Ben Foster has some good line deliveries and subtle bits of physicality in this sequence, but those qualities are never anywhere near enough to get one to wonder why on Earth "Emancipation" is bringing its story to a screeching halt to flesh out the backstory of a slave-hunter antagonist. While every Black person in this movie, save for Peter, never get to be defined by anything more than their pain (most don't even receive names), Fassel gets a grand speech explaining his worldview. The strange visual priorities of this sequence, which quietly reinforce the "importance" of Fassel by focusing on a tight close-up of his face (contrast that with "Tar" or "Red Rocket," which have dialogue from privileged characters set against shots of the faces of the marginalized), just hammers home how bizarrely conceived this entire sequence is. 

Best: Not just focusing on the scourged back photo

Peter's lasting legacy in our modern world is as "whipped Peter," remembered via the "scourged back" photograph, which depicted the various wounds on his back that he endured from slaveowners. In the eyes of some, that photo dating back to his 1860s escape is something akin to one of the first viral images, and it has opened the eyes to multiple generations as unpolished evidence of the brutality of slavery.

By utilizing the then-new advent of photography, the experiences of Black people in America were finally being put on display. Such historical significance makes it understandable why "Emancipation" would want to chronicle the life of Peter. 

Thankfully, the screenplay, on a conceptual level, opts to not just focus on the "scoured back" photograph, nor define Peter by it. In fact, the first two-thirds of "Emancipation" features no trace or tease of this historical set-up (beyond a moment where Fassel whips Peter's back, hinting at where so many of this man's injuries lie), instead focusing on fleshing out Peter beyond just the one image. 

Even the sequence depicting Peter finally being photographed makes sure to emphasize his autonomy as a human being (he remarks that he can move his arms himself without any help from white people), rather than solely defining him by an image. The basic structure of "Emancipation" admirably attempts to emphasize that while the "scourged back" photograph is a key part of Peter's legacy, it does not solely define his legacy.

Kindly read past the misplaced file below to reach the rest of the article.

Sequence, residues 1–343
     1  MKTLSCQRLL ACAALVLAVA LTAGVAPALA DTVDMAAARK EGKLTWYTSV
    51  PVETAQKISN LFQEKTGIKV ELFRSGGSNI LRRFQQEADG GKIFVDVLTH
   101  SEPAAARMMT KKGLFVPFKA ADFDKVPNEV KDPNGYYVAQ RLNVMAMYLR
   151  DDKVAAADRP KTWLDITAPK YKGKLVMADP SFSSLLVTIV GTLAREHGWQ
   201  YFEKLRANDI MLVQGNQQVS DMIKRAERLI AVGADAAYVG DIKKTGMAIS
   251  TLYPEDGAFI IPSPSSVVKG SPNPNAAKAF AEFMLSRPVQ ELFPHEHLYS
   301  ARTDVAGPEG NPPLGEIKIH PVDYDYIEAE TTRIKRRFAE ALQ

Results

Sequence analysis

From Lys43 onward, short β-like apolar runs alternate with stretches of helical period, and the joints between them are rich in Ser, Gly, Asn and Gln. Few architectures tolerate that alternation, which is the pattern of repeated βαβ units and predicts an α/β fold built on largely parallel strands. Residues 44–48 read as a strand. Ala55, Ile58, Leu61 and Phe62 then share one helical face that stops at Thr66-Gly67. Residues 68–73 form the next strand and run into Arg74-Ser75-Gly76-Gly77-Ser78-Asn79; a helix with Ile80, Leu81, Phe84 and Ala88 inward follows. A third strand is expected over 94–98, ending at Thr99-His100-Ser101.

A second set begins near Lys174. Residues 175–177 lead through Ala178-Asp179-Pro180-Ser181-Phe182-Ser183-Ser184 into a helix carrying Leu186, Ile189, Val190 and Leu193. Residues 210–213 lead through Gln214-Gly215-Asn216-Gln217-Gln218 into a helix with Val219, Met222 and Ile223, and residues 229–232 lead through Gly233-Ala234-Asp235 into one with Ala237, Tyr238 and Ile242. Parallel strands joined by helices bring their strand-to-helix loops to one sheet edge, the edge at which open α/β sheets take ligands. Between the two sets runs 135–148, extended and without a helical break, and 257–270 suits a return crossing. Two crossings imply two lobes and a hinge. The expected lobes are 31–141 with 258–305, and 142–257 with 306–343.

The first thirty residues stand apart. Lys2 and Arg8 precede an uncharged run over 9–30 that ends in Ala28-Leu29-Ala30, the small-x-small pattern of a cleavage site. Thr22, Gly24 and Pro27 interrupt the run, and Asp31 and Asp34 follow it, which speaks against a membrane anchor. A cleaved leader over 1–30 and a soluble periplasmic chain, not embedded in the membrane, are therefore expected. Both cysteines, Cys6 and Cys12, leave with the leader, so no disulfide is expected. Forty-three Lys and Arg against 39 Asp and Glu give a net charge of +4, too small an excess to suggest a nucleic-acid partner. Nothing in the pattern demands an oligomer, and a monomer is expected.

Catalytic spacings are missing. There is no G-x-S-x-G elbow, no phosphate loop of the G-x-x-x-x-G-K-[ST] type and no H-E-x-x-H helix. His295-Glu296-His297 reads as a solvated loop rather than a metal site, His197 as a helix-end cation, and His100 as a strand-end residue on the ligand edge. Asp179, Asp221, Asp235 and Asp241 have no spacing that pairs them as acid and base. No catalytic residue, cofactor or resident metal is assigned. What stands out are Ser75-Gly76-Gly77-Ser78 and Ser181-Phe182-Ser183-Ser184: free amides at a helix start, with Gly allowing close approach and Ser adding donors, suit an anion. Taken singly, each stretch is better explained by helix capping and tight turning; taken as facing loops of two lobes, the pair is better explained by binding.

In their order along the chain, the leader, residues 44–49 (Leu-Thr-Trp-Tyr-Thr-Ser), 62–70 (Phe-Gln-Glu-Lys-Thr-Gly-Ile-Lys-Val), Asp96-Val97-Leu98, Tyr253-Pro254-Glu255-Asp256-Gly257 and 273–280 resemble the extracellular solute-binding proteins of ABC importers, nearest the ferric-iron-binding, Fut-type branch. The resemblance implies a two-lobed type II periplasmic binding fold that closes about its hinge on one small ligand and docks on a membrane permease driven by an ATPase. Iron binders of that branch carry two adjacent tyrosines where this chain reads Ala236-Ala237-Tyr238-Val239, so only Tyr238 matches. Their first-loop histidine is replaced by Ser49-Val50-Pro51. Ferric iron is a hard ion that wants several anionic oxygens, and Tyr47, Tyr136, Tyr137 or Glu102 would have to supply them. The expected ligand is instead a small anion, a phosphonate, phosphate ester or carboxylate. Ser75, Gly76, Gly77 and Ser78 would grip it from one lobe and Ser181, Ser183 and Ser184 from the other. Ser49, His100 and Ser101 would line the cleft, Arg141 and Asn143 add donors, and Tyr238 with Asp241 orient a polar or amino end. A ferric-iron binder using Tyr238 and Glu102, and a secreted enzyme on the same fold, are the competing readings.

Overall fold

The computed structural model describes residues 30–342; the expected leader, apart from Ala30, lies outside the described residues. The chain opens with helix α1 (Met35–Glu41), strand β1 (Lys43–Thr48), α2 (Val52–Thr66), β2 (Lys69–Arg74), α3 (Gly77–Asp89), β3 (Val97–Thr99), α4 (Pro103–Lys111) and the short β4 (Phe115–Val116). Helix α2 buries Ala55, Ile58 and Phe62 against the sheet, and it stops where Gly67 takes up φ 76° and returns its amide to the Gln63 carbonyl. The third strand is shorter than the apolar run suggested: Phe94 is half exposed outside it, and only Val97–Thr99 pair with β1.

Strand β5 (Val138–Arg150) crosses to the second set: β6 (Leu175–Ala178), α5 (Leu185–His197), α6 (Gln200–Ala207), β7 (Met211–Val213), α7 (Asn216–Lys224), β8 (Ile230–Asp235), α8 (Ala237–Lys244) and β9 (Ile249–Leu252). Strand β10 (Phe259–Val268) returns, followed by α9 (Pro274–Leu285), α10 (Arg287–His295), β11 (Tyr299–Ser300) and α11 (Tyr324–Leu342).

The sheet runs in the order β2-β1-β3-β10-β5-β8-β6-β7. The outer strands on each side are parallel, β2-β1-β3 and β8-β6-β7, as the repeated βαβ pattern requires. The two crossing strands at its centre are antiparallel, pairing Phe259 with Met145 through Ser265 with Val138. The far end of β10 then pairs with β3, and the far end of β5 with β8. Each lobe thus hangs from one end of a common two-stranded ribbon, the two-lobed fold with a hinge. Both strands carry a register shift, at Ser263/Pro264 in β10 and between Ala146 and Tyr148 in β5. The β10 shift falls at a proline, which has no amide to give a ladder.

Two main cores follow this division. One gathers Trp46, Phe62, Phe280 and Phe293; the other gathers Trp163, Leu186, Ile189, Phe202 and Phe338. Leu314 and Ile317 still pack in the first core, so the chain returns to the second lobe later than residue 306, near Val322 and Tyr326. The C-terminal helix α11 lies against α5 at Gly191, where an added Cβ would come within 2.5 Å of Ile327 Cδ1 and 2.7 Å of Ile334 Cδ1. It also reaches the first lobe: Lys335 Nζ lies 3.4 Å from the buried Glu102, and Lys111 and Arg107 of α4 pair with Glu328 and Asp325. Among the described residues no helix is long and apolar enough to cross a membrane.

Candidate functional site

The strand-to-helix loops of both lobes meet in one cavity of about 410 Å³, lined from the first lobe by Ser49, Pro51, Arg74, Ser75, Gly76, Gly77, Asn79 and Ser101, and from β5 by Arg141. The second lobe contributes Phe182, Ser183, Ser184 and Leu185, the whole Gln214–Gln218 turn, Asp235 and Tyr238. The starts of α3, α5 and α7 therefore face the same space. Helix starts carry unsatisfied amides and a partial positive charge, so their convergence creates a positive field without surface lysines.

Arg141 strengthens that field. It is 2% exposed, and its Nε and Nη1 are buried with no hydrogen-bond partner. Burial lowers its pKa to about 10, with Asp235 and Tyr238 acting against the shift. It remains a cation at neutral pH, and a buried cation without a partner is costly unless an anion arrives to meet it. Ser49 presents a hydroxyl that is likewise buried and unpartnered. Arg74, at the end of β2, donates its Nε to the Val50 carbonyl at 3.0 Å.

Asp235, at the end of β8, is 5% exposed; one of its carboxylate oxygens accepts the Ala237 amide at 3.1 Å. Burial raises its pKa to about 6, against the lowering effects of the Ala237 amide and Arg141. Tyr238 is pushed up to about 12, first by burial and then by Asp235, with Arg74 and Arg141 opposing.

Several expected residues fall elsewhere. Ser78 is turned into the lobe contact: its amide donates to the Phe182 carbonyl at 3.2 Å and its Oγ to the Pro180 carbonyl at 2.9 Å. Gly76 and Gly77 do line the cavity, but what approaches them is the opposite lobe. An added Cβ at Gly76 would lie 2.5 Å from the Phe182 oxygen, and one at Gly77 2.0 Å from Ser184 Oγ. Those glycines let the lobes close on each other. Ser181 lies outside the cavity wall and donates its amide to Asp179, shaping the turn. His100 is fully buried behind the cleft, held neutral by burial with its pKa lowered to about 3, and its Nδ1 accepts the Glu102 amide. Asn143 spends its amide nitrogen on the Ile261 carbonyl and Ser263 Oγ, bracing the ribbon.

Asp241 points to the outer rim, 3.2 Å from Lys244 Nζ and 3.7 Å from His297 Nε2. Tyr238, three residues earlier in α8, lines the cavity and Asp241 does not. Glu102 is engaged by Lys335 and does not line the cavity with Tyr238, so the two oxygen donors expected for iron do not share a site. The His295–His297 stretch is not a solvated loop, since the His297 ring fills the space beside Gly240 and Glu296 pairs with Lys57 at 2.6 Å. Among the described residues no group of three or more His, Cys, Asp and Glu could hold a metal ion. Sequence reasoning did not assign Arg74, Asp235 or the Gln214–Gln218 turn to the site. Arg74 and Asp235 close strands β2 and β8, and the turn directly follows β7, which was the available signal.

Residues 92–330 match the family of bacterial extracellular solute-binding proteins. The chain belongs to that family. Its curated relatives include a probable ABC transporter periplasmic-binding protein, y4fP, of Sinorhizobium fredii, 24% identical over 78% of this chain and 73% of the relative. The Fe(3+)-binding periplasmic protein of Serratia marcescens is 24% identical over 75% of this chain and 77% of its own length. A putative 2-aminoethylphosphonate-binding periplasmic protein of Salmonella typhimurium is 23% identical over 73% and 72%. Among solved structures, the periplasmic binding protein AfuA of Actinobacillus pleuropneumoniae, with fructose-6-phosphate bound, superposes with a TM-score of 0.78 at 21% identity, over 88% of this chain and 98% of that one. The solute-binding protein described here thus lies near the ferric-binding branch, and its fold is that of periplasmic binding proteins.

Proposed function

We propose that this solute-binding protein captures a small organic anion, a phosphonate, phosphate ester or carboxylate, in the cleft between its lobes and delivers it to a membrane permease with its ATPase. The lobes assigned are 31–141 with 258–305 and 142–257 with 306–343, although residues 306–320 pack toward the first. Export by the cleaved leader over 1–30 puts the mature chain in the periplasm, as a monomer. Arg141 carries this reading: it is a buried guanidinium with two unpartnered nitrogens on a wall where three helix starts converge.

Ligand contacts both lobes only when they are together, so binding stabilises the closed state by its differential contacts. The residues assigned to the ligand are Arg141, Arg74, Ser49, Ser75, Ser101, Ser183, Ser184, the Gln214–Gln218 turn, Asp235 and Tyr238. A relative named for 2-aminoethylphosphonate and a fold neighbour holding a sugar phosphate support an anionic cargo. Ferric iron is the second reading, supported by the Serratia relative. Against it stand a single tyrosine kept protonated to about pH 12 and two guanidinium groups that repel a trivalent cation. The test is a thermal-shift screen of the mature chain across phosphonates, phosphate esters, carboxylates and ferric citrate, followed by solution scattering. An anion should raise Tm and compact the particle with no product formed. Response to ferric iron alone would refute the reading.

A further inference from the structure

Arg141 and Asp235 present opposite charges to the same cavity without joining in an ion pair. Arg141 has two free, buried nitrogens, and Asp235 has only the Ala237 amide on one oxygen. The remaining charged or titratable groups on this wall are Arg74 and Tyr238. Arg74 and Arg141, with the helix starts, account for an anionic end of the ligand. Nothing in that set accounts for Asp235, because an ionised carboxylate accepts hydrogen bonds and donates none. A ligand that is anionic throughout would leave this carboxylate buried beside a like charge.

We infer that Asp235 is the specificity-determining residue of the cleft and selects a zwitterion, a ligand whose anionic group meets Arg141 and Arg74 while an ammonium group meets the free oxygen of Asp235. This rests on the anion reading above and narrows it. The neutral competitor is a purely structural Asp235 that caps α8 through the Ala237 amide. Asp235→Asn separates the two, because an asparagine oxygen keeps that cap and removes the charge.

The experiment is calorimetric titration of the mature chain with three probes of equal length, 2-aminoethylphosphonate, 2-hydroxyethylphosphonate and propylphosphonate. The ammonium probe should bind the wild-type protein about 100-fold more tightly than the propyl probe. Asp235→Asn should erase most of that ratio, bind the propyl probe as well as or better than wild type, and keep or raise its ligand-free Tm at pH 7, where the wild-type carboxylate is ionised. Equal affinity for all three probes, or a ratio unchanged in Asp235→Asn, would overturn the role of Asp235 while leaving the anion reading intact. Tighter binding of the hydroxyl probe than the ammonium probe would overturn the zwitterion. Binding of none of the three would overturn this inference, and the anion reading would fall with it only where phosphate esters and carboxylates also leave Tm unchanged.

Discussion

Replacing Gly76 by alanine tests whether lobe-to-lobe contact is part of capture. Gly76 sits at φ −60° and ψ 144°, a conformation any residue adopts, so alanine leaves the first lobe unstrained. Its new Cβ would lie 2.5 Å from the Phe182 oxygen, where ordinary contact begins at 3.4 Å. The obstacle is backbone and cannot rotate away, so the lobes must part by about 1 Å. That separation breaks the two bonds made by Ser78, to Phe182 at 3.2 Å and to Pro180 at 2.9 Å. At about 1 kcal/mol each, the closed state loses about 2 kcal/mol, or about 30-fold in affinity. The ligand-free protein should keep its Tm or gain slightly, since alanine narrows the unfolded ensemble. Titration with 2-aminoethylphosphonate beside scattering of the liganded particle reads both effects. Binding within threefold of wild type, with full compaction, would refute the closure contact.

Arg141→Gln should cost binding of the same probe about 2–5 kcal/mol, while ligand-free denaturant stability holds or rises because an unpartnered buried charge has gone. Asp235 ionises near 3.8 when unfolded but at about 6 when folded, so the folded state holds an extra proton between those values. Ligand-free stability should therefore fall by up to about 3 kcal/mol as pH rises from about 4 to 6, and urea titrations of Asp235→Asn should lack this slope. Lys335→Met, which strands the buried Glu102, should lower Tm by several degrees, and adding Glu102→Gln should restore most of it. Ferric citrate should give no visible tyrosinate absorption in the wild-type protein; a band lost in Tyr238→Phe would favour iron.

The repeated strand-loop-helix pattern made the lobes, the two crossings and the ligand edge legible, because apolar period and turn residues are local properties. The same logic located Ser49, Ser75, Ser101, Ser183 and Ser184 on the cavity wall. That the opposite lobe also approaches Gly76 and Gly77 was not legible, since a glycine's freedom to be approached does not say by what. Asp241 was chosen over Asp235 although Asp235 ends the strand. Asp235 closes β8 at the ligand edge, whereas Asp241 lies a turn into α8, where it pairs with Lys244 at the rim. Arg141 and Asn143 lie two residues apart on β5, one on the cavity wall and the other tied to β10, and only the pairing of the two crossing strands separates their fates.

Worst: Fuqua's use of slow-motion

Director Antoine Fuqua is a filmmaker who has engaged in prolific dramas before "Emancipation" (namely the 2001 feature "Training Day"), but his primary focus as an artist has been in the world of mainstream-friendly action movies. Whether it's the "Equalizer" movies, "Olympus Has Fallen," or his "Magnificent Seven" remake, Fuqua has been a go-to figure for action films with plenty of explosions, memorable death scenes, and quippy one-liners. Some of those movies have been entertaining, others have been more forgettable, but the filmmaking tenets of such features, regardless of quality, aren't a good fit for the story of "Emancipation." Too often, Fuqua's directing style in this grim tale tends to lean back on the same tools he has employed in dispensable action flicks.

Rarely is this more apparent than in the recurring uses of slow-motion throughout "Emancipation." This feature is especially notable in the first-half of the story, where it's used to highlight particularly brutal acts of violence. Fuqua can't quite pass up the modern cinematic cliches of slow-motion, much like Zack Snyder or Michael Bay. 

Overplaying moments like Fassel shooting a runaway slave (here, in extreme slow-motion) feels both ill-advised and gratuitous. Isn't the content of the moment powerful enough to stand on its own?

Such rampant, derivative use of slow-motion throughout "Emancipation" is a prime example of how Fuqua's filmmaking here struggles to shake off the ham-fisted gimmicks that might work in an action movie, but come across here as a lack of trust in the material.

Best: The costume design

Francine Jamison-Tanchuck has had an incredibly eclectic career as a costume designer in the film industry, with her credits ranging wildly from "One Night in Miami" to "Glory" to "Garfield: A Tale of Two Kitties." 

Her vast experience with period pieces means she was a natural pick for "Emancipation," and the costumes designed here are certainly one of the better elements of the feature. A particularly interesting element in her costume work is the subtle details that reinforce how often American society strips away identity from its Black citizens. For instance, in the early sequences set in the compound where Peter is held after he's taken away from his family, Jamison-Tanchuck's costumes for Peter and the other male slaves tend to use similar fabrics.